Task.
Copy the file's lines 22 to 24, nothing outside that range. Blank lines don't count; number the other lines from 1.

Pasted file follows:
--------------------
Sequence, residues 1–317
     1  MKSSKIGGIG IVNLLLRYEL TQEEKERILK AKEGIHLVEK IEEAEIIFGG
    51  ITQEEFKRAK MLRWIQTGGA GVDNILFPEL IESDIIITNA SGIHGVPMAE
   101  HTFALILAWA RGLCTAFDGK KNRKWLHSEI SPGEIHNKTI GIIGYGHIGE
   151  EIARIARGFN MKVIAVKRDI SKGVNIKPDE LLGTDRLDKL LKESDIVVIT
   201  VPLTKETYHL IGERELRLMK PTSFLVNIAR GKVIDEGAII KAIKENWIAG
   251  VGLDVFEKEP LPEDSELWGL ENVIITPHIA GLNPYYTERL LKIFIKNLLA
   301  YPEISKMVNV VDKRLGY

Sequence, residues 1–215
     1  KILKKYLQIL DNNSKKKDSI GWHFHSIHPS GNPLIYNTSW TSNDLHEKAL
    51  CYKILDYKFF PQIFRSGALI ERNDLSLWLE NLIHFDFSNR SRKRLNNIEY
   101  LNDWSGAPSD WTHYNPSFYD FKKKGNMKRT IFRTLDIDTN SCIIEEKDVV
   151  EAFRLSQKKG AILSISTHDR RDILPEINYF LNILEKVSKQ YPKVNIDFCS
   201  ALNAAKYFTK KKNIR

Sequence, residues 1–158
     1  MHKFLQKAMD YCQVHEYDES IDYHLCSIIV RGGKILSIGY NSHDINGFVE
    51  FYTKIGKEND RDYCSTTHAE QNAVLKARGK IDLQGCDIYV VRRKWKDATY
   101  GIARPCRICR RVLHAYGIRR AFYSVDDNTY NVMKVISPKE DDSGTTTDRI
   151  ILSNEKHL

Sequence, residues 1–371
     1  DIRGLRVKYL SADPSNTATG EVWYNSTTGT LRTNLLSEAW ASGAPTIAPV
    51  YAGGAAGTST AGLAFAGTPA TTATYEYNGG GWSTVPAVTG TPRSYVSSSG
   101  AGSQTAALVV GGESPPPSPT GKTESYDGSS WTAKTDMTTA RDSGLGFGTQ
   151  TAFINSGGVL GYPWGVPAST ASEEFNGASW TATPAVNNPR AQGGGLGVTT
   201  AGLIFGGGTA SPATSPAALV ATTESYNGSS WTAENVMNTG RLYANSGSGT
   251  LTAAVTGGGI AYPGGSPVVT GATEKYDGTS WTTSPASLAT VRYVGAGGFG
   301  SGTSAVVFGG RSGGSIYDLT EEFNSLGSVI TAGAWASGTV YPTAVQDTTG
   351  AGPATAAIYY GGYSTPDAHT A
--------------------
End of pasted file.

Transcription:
    51  YAGGAAGTST AGLAFAGTPA TTATYEYNGG GWSTVPAVTG TPRSYVSSSG
   101  AGSQTAALVV GGESPPPSPT GKTESYDGSS WTAKTDMTTA RDSGLGFGTQ
   151  TAFINSGGVL GYPWGVPAST ASEEFNGASW TATPAVNNPR AQGGGLGVTT